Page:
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Publication numberUS8049561 B2
Publication typeGrant
Application numberUS 12/447,093
PCT numberPCT/IB2007/054262
Publication dateNov 1, 2011
Filing dateOct 19, 2007
Priority dateOct 26, 2006
Also published asEP2078335A2, EP2078335B1, US20100090764, WO2008050273A2, WO2008050273A3
Publication number12447093, 447093, PCT/2007/54262, PCT/IB/2007/054262, PCT/IB/2007/54262, PCT/IB/7/054262, PCT/IB/7/54262, PCT/IB2007/054262, PCT/IB2007/54262, PCT/IB2007054262, PCT/IB200754262, PCT/IB7/054262, PCT/IB7/54262, PCT/IB7054262, PCT/IB754262, US 8049561 B2, US 8049561B2, US-B2-8049561, US8049561 B2, US8049561B2
InventorsBerry A. J. Buter, Andrianus J. M. Van Tuijl
Original AssigneeNxp B.V.
Export CitationBiBTeX, EndNote, RefMan
External Links: USPTO, USPTO Assignment, Espacenet
Class D amplifier
US 8049561 B2
Abstract
The invention refers to an amplifier (1) comprising a switchable capacitive divider (10) for dividing a supply voltage delivered to the amplifier (1), the switchable capacitive divider being coupled to a coupling circuit (15) via a first wire and a second wire, the coupling circuit determining a connection path between said first and second wire and a first capacitor (C2) and a switchable power circuit (20).
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Claims(8)
1. An amplifier comprising:
a switchable capacitive divider for dividing a supply voltage delivered to the amplifier, the switchable capacitive divider including
a first switch coupled to a second switch via a second capacitor,
the first switch being further coupled to a first terminal of a third switch,
the second switch being further coupled to a first terminal of a fourth switch,
a second terminal of the third switch being coupled to a second terminal of the fourth switch, the second terminal of the third switch also coupled to an output node;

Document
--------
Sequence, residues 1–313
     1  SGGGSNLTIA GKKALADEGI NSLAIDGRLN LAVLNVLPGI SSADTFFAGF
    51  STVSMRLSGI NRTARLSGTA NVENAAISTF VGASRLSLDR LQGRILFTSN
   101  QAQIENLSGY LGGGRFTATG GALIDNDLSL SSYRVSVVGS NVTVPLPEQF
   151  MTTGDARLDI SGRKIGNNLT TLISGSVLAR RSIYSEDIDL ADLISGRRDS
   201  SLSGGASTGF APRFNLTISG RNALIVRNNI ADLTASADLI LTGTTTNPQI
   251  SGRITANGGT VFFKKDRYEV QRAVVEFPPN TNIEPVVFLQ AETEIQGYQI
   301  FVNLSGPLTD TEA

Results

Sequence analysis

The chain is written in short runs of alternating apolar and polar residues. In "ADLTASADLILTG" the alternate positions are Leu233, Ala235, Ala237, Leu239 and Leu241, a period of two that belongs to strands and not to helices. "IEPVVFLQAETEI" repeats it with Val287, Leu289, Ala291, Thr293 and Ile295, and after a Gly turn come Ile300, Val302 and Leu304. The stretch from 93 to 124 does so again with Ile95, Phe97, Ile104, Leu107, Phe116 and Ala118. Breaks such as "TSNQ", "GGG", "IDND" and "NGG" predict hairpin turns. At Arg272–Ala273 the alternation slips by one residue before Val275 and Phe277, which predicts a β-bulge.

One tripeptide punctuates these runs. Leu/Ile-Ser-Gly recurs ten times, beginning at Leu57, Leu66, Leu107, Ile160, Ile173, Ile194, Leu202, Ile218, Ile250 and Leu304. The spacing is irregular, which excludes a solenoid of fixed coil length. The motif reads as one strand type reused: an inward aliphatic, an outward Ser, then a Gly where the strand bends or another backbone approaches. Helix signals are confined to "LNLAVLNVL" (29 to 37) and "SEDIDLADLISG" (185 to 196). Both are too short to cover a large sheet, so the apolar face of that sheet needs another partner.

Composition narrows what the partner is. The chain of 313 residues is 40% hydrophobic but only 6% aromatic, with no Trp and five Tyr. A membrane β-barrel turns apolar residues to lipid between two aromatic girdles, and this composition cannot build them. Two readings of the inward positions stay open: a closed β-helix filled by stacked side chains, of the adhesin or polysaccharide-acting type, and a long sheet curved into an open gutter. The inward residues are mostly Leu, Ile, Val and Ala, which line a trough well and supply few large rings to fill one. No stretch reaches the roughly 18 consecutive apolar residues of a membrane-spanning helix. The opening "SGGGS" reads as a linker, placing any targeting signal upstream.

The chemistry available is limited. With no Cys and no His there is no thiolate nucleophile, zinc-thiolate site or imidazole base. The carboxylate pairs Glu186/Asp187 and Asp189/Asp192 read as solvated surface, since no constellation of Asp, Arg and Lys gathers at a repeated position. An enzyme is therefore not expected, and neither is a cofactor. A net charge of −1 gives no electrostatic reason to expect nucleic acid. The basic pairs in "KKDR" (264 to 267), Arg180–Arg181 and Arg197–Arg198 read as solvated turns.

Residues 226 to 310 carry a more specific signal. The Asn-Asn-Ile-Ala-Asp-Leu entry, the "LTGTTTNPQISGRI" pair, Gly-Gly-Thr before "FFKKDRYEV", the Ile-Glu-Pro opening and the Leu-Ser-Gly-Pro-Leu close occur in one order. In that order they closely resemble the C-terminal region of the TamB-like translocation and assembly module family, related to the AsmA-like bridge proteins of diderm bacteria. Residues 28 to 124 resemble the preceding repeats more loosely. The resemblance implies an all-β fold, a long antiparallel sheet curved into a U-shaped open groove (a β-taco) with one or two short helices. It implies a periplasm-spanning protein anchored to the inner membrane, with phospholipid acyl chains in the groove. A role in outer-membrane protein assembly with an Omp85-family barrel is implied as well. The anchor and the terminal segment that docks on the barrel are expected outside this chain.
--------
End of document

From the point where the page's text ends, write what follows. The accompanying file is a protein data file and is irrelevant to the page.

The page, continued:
a coupling circuit, coupled to the switchable capacitive divider by a first wire, for determining a connection path between said first wire, a first capacitor and a first switchable power circuit,
the first capacitor being coupled to the output node, said output node being further coupled to the first switchable power circuit via a fifth switch having a first terminal coupled to the output node and a second terminal coupled to a first power terminal.
2. An amplifier comprising:
a switchable capacitive divider for dividing a supply voltage delivered to the amplifier, the switchable capacitive divider including
a first switch coupled to a second switch via a second capacitor,
the first switch being further coupled to a first terminal of a third switch,
the second switch being further coupled to a first terminal of a fourth switch,
a second terminal of the third switch being coupled to a second terminal of the fourth switch, the second terminal of the third switch also coupled to an output node, the output node being coupled to a first power terminal and a fifth switch being coupled between the first capacitor and the output node; and
a coupling circuit, coupled to the switchable capacitive divider by a first wire, for determining a connection path between said first wire, a first capacitor and a first switchable power circuit.
3. The amplifier according to claim 2, wherein the first switchable power circuit comprises a sixth switch and a seventh switch, a first terminal of the sixth switch being coupled to a first terminal of the seventh switch, the sixth switch also coupled to the first power terminal.
4. The amplifier according to claim 3, wherein the amplifier is a bridge amplifier having the first power terminal coupled to an output load.
5. The amplifier according to claim 4, further comprising a second switchable power circuit, the amplifier coupled to a first terminal of a load, the second switchable power circuit having its output power terminal coupled to a second terminal of the load, and an eighth switch for coupling an output of the switchable capacitive divider to a second power terminal.
6. An amplifier comprising:
a switchable capacitive divider for dividing a supply voltage delivered to the amplifier,